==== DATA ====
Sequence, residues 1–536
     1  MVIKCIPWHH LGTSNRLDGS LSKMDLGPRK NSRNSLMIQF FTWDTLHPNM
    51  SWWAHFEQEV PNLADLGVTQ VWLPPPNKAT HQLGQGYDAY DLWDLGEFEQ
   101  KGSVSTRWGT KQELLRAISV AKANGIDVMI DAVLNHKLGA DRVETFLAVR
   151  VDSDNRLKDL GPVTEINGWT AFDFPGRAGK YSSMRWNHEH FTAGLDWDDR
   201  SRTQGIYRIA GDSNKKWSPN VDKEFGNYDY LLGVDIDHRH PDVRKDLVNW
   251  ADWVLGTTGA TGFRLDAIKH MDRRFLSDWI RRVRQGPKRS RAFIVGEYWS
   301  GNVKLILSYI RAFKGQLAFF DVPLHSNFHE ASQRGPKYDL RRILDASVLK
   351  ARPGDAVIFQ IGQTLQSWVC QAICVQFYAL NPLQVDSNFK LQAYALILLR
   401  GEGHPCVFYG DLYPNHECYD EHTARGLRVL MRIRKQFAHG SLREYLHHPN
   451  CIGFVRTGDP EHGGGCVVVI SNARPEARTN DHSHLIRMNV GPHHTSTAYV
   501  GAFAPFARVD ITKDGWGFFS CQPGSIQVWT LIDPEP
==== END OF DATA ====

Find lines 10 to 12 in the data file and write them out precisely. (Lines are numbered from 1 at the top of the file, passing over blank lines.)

   401  GEGHPCVFYG DLYPNHECYD EHTARGLRVL MRIRKQFAHG SLREYLHHPN
   451  CIGFVRTGDP EHGGGCVVVI SNARPEARTN DHSHLIRMNV GPHHTSTAYV
   501  GAFAPFARVD ITKDGWGFFS CQPGSIQVWT LIDPEP